“And of these things beginning to come to pass, look up and lift up your heads, because your redemption draws near.” Luke 21:28
For contemporary artist Louis Carreon, continuous individual evolution is something he’s known his entire life. Though today he focuses on reinventing the narrative of his art, Carreon keeps a steady eye on his tumultuous past. After overcoming a life of substance addiction and a sobering prison sentence for drug trafficking, Carreon emerged from the throes of darkness as a visionary artist, capturing the interest of the contemporary art community.
Despite his continuous growth and progress, redemption remains at the core of everything he creates. He credits his past adversities for inspiring this constant theme of redemption—a theme that has resonated with many of his clients and collectors.
In turn, his unconventional art has been known to challenge the ideology of most traditional gallery artists with themes of religion and spirituality all throughout his work. Despite a religious upbringing, it took his own personal rediscovery for Louis to redefine what religion and spirituality and meant to him.
“I seek through art the same as I seek through God everlasting life eternal. Unless you go back to God as a man, you only have what your parents have imparted to you as a child,” Carreon says. “I went against religion for a long time. At some point as a teen, religious becomes not cool, especially if you’re a rebel teen. But until you go deeper, you don’t understand it. The reason I say ‘religious iconography’ is because that’s what it’s been called for lifetimes. I feel like the word ‘religious’ itself is offensive and controversial.”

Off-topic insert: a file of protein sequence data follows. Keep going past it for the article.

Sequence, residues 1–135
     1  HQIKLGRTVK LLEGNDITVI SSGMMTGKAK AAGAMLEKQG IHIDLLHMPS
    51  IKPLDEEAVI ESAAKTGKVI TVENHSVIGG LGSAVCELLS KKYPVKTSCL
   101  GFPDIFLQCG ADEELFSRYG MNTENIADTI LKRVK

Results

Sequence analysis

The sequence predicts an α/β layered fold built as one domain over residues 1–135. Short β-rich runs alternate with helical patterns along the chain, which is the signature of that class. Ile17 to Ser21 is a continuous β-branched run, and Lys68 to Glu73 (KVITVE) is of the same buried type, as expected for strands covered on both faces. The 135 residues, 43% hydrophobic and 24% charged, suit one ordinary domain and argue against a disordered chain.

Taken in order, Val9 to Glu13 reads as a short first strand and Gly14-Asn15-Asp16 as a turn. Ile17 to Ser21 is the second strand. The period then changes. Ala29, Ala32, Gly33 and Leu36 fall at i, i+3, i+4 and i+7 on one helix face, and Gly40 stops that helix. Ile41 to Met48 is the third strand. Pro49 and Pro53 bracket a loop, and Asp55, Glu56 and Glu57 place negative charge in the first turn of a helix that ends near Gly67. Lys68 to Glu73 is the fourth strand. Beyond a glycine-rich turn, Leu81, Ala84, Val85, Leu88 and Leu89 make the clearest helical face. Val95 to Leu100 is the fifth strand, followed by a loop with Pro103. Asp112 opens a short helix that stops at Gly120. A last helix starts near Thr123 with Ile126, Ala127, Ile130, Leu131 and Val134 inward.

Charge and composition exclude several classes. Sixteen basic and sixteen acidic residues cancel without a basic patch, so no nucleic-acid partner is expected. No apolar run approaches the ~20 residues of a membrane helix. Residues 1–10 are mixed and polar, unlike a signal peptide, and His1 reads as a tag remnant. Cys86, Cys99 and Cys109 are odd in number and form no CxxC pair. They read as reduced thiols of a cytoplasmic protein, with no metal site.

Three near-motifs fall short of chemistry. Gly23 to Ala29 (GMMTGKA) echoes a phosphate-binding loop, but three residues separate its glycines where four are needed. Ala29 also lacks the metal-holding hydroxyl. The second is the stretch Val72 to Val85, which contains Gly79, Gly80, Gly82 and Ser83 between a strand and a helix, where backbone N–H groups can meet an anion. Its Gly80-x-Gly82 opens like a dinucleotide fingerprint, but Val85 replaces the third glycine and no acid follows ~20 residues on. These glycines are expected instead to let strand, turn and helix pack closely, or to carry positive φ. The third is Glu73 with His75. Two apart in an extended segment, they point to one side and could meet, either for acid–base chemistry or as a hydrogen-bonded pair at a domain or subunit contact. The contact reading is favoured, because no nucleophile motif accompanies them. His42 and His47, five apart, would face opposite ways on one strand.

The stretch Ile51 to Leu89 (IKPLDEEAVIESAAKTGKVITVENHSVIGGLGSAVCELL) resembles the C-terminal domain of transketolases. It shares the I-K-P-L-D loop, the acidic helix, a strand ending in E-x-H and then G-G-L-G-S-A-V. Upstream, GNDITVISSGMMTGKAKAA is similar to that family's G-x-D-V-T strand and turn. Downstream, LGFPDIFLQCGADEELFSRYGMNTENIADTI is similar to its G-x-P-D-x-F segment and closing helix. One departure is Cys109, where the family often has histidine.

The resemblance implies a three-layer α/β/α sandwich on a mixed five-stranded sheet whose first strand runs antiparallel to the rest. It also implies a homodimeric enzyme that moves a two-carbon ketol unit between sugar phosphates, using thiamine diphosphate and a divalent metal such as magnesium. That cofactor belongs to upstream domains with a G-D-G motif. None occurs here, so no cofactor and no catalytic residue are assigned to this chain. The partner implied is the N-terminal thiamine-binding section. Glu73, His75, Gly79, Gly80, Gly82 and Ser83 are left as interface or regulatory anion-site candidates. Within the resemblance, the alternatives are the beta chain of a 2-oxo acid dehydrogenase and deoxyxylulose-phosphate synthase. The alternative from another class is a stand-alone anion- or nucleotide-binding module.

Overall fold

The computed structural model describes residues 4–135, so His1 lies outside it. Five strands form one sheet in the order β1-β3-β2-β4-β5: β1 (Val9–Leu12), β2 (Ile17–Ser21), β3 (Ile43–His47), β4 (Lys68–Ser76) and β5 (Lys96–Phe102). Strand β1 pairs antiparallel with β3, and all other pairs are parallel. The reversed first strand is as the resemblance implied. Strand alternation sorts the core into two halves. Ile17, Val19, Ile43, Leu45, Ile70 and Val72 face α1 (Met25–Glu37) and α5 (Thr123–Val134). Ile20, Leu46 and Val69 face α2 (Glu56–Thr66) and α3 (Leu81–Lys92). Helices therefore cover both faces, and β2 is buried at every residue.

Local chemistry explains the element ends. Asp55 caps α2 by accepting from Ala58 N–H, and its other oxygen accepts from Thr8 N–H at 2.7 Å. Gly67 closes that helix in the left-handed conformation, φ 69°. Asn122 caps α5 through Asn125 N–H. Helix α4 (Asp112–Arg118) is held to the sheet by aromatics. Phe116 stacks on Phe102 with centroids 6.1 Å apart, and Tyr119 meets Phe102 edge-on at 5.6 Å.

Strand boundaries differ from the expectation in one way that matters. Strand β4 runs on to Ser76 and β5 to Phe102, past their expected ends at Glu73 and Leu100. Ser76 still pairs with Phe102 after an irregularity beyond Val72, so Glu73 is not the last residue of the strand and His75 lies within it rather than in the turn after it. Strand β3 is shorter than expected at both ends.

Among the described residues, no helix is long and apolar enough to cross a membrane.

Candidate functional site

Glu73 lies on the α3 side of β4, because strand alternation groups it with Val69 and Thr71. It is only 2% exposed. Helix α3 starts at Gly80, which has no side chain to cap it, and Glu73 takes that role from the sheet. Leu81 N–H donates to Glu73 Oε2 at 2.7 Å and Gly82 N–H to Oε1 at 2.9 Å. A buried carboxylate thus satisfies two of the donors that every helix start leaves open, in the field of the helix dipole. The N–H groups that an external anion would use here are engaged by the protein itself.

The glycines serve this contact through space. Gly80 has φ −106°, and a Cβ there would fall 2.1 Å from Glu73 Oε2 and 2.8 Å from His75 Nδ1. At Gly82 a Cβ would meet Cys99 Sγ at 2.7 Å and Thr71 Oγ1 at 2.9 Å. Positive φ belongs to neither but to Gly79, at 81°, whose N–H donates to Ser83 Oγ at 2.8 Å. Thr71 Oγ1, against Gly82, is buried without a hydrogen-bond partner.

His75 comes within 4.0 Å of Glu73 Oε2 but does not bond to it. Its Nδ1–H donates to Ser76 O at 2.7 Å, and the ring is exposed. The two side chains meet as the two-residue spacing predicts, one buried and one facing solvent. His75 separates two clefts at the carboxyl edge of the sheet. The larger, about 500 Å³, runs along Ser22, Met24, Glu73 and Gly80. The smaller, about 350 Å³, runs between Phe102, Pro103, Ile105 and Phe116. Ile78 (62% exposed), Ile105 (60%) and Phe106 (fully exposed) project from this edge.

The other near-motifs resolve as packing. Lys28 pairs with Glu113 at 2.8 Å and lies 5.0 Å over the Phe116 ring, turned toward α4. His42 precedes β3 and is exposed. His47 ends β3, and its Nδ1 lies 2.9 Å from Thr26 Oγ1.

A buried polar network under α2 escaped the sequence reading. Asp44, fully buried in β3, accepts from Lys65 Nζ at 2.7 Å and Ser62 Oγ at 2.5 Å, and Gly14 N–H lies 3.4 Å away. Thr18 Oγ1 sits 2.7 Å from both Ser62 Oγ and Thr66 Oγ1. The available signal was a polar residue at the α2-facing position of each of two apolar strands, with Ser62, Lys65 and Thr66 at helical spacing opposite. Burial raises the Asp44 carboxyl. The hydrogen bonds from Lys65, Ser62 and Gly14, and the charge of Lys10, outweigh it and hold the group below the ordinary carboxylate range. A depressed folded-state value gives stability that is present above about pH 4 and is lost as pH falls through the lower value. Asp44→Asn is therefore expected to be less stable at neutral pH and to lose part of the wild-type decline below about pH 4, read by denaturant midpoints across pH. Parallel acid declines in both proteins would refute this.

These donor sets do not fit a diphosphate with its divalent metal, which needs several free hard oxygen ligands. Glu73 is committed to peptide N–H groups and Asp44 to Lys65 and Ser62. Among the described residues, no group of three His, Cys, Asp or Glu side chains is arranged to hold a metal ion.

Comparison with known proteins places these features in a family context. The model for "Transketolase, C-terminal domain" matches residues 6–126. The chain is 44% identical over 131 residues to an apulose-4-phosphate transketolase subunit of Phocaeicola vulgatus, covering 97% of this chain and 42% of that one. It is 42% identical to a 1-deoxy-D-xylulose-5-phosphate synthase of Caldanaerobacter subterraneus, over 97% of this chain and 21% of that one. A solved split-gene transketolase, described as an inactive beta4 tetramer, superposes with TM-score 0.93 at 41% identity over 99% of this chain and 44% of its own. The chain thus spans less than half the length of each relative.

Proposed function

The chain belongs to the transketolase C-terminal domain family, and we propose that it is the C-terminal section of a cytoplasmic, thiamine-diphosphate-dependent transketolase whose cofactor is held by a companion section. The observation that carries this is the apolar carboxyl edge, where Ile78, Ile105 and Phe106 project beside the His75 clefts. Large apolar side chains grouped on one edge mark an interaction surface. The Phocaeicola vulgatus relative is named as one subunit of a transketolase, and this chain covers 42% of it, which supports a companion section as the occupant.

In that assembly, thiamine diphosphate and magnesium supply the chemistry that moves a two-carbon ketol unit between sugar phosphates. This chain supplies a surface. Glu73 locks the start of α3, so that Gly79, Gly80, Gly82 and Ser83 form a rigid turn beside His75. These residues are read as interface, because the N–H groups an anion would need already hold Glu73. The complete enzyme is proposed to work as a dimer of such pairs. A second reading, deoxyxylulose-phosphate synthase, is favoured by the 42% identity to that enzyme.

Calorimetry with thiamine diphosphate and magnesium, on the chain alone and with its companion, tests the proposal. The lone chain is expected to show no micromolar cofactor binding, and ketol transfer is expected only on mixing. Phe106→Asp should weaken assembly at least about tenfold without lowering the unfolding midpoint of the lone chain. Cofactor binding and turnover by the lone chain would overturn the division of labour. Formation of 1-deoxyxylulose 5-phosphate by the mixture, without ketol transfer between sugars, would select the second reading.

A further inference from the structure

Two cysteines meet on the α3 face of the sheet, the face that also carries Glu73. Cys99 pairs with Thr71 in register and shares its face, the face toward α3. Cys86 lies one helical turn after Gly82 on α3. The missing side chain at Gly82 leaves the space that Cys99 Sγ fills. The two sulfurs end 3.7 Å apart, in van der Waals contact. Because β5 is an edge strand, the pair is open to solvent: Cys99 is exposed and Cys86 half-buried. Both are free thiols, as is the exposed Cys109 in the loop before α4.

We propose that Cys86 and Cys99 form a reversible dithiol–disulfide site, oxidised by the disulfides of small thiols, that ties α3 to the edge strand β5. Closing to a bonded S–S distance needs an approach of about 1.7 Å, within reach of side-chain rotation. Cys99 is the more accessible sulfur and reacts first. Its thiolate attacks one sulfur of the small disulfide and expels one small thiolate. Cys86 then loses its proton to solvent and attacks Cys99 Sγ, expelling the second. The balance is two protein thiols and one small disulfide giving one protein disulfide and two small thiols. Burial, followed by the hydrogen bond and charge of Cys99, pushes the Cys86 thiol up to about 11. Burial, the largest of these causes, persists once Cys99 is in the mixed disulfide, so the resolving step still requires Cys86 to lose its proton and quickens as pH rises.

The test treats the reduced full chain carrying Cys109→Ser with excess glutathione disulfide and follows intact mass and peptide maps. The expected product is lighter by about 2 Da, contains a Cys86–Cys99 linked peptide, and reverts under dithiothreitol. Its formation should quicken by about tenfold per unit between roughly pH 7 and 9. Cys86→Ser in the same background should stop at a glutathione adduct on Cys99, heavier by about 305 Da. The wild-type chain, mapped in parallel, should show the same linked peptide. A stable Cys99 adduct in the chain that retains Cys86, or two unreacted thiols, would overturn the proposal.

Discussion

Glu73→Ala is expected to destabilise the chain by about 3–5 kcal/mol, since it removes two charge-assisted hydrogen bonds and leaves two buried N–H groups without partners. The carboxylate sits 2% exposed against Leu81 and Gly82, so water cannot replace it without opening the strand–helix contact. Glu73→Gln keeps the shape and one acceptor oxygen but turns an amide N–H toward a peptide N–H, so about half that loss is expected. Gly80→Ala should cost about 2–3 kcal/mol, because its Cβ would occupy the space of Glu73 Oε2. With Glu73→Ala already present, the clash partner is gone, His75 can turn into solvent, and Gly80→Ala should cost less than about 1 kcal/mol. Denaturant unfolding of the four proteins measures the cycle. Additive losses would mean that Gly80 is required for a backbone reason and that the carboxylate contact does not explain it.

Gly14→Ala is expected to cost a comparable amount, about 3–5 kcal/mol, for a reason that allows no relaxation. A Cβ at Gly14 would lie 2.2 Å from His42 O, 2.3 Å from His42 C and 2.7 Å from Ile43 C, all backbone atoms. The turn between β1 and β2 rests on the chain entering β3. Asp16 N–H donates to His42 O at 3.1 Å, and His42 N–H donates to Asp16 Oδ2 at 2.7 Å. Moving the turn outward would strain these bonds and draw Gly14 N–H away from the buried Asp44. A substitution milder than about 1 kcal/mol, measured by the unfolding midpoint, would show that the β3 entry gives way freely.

Today, his narrative explores the nuances and history of religious iconography and classical education. As each piece of art he creates pays homage to Byzantine-like periods, Carreon often marries his academically and historically inspired paintings with modernism and contemporary themes. Flirting with the master, he calls on many of the greats, including Peter Paul Rubens, Raphael, Caravaggio, and Jusepe de Ribera. Carreon has since completed scores of paintings that feature religious figures from Catholic saints to the Pope to Biblical characters sometimes with angelic halo-like shapes around their heads.
Each piece embodies the subtle essence the High Renaissance and Florentine art periods, yet with Carreon’s take on the modernization of these classics. He likens the rebirth, or reincarnation of his art to the foundation of hip-hop in the 1980’s. Just as rappers and hip-hop artists from the 80’s sampled music from the past to create chart-topping hits, Louis is reintroducing a previous culture of the classics of art through the construction of his work.
“I’m painting for the youth, for the future,” Carreon says. “Urban kids don’t know who Caravaggio is. You don’t know who Bernini is. Kids never learn about that. As time goes on, unless you go to museums, these artists will become irrelevant. I’m reintroducing and reeducating the younger generation with the classics by adding tools of the modern age.”
Looking ahead, Carreon has plans to take one of Gian Lorenzo Bernini’s famed sculptures and reinvent the masterpiece with contemporary ideals. He will develop the sculpture through a collaborative experience and conceptual input from Dr. Ori Z Soltes, a professor at Georgetown University with expertise in biblical narratives and art history. For more information on Louis Carreon and his upcoming projects, visit his instagram page.